Wall Street Journal Editorial;
Oregon’s Democrats say they want “cleaner” energy, but the politics of carbon emissions cuts sure are dirty. Democrats, who hold a supermajority in the statehouse, have twice tried to ram through cap-and-trade, but Republicans blocked them by walking out of the last two legislative sessions. The dysfunction continues as Governor Kate Brown is claiming extraordinary powers to do what lawmakers couldn’t pass.
To address climate change, the Governor proclaimed she has “a scientific, economic, and moral imperative” to unilaterally impose carbon caps. On Tuesday Ms. Brown issued an executive order calling for emissions reductions of 45% by 2035 and 80% by 2050 compared to 1990 levels—the same goals Democratic lawmakers sought with their failed cap-and-trade bill. Oregon’s population has grown by nearly 1.4 million in three decades, making these cuts more draconian than they appear.
Ms. Brown ordered 19 state agencies and commissions to “exercise any and all authority and discretion vested in them by law” to achieve the emissions goals. This week the Legislature’s emergency board granted Ms. Brown $5 million to hire 10 permanent regulators focused on climate change.
Governor Brown has directed the Environmental Quality Commission and the Department of Environmental Quality to set emissions caps on transportation fuels and natural gas, as well as “stationary sources” such as Stimson Lumber, a sawmill in Forest Grove. CEO Andrew Miller read the political winds last summer and has already eliminated 60 full-time jobs, about a quarter of his full-time workforce in Oregon. Expect more businesses to follow. Other businesses will pass compliance costs along to consumers, and households will pay more for gasoline and heat.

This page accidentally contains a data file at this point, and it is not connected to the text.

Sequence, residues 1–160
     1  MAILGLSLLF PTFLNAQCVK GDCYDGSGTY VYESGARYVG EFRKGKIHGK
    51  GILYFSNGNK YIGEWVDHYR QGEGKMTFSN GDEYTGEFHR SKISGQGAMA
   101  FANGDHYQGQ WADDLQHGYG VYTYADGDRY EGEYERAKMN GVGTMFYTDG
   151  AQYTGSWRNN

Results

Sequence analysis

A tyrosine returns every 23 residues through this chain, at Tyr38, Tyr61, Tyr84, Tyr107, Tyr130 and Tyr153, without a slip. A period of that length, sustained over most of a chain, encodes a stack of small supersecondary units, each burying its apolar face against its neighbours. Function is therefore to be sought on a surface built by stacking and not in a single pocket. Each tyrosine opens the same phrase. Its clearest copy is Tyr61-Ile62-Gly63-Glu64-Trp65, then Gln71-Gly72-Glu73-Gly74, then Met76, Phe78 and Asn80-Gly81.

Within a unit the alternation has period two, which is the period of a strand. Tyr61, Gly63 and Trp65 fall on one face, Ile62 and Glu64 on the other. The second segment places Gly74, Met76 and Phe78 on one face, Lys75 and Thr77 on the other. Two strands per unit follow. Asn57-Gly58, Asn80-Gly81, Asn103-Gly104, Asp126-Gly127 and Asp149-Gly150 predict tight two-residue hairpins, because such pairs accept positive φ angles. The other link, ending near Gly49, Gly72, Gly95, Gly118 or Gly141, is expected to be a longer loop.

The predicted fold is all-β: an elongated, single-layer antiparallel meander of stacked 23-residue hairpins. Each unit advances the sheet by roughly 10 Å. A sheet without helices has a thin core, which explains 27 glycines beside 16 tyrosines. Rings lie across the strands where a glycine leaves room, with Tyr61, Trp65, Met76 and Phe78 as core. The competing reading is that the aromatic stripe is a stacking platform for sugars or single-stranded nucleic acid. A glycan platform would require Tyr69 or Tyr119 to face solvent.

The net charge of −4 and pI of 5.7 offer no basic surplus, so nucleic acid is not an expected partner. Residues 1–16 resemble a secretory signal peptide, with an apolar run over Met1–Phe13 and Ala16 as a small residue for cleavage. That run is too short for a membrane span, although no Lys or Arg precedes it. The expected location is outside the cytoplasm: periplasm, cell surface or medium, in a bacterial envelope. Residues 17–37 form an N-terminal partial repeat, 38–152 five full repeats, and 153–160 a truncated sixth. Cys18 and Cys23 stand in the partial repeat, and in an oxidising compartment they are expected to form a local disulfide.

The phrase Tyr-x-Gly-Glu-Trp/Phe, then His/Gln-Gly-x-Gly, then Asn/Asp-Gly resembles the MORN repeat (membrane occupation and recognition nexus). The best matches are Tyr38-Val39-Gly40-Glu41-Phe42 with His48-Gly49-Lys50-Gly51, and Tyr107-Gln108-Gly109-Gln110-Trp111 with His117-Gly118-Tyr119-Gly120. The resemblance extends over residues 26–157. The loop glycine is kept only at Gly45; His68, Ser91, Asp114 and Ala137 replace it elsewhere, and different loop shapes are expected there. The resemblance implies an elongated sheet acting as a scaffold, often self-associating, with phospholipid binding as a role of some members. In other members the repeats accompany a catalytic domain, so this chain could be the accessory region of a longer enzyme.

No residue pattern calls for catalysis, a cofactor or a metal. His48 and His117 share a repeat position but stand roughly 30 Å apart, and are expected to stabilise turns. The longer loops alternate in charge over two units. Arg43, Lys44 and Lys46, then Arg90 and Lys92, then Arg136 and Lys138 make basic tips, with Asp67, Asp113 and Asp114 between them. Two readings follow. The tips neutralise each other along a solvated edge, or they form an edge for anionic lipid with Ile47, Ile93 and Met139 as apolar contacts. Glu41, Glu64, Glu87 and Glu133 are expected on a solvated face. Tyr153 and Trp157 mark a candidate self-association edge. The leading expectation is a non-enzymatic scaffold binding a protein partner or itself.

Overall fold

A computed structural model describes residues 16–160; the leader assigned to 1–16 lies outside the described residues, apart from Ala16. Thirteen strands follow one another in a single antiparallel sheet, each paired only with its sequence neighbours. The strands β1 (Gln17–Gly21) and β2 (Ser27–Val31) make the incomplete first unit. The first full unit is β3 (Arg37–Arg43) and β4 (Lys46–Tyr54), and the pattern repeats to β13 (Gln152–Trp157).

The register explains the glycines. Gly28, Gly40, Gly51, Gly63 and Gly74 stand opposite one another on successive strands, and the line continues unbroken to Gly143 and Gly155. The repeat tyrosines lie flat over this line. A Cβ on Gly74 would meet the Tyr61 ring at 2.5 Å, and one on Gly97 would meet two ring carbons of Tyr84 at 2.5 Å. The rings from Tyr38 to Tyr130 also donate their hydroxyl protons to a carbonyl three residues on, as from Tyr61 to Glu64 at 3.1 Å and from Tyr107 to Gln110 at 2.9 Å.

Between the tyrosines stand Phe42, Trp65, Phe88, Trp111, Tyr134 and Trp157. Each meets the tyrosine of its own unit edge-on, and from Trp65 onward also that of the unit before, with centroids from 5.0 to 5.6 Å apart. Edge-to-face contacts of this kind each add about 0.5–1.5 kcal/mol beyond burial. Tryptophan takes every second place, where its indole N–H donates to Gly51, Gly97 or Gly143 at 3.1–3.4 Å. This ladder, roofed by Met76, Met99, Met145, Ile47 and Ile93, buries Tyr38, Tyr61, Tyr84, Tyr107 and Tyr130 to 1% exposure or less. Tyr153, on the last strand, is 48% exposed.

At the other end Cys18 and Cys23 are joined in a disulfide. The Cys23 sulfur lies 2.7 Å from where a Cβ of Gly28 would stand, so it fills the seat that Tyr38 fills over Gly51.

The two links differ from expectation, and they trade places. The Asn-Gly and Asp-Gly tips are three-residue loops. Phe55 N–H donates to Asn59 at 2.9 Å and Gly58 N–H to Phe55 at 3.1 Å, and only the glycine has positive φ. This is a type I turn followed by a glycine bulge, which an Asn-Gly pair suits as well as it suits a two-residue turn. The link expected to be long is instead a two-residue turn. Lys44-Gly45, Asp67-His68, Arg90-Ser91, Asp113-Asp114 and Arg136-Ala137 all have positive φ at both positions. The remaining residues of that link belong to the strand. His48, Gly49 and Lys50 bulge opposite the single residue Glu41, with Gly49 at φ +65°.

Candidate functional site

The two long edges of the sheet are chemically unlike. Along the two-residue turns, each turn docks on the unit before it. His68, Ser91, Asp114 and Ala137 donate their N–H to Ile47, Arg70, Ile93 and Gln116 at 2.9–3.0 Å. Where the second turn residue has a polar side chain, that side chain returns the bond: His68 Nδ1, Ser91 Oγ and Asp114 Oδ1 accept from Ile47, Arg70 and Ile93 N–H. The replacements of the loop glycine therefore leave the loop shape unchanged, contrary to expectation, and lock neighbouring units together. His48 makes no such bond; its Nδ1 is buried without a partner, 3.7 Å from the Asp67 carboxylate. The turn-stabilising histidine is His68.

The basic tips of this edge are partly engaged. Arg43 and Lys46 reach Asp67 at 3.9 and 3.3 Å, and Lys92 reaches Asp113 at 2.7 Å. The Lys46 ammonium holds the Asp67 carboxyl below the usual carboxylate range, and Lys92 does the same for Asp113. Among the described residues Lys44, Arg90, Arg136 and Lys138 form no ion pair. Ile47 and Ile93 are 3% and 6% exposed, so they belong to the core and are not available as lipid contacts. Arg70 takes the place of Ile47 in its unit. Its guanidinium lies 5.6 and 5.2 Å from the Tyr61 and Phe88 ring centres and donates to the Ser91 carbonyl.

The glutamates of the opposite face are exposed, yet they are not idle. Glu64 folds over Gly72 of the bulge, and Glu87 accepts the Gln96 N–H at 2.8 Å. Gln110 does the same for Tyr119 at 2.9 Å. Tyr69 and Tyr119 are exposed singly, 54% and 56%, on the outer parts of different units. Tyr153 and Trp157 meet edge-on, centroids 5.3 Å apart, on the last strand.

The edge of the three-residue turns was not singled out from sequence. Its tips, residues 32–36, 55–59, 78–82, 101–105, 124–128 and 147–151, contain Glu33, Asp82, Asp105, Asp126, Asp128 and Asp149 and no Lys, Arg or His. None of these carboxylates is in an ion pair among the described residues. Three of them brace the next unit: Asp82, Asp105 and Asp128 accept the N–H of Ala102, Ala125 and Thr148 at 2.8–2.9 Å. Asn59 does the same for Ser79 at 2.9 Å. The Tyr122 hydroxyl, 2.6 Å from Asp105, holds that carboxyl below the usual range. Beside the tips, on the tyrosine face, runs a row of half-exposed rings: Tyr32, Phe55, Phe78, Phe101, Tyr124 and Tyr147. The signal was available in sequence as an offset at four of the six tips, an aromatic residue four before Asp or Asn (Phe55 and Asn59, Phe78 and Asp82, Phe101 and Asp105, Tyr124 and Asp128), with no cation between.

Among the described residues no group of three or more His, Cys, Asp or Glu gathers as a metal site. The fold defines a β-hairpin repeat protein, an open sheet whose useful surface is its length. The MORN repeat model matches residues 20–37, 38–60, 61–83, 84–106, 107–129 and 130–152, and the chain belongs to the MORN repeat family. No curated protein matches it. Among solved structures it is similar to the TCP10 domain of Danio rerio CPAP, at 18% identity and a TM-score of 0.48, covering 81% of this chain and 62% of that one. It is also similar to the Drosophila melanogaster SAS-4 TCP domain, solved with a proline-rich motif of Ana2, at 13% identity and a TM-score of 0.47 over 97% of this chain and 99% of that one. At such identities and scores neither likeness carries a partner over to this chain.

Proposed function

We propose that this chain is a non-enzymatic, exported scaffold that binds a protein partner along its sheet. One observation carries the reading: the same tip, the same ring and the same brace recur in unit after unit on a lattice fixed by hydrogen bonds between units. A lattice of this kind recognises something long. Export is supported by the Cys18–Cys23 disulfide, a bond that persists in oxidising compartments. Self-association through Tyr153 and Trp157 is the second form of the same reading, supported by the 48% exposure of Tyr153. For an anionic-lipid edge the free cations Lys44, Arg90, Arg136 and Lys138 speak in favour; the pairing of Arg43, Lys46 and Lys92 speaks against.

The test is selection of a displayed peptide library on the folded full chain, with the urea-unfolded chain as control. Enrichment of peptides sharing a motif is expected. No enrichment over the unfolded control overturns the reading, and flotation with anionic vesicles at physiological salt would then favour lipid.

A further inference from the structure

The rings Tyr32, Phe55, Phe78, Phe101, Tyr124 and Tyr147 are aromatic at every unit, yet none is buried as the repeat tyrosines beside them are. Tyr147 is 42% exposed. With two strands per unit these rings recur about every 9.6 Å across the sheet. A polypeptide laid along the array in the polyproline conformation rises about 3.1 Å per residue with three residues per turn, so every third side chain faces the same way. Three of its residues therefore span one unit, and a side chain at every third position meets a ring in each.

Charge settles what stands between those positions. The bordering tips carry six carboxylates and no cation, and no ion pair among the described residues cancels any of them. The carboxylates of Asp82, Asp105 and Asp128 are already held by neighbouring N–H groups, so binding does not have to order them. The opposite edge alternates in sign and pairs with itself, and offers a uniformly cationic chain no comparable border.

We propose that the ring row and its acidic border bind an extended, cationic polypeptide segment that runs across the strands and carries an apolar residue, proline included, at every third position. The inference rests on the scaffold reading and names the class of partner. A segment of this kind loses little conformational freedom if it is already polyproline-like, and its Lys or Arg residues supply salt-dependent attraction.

Ms. Brown ordered Oregon to embrace “the most ambitious goal for clean fuels in the country” by more than doubling existing renewable-fuel standards. Drivers will get fewer miles per gallon as their gasoline is blended with increasing quantities of ethanol and other biofuels, which by the way can corrode engines.
She is also calling for “appliance efficiency standards equal to the most stringent in the country” and instructed the Department of Energy to stiffen its requirements for computers, faucets, shower heads and more.
These sweeping new requirements will fall hardest on poor and rural families, as Ms. Brown tacitly admits. The executive order calls for “a public process to address and mitigate differential energy burdens and other inequities of affordability and environmental justice.”
Perhaps Republican lawmakers could have blunted the worst effects of the carbon caps had they stuck around to negotiate on behalf of their constituents. But Democratic lawmakers also bear blame for trying to pass cap-and-trade as an emergency law, circumventing the normal option for a voter referendum.
Ms. Brown’s extraordinary arrogation of power will face a strong legal challenge, leaving it to Oregon’s courts to restore a more recognizable balance of political authority.
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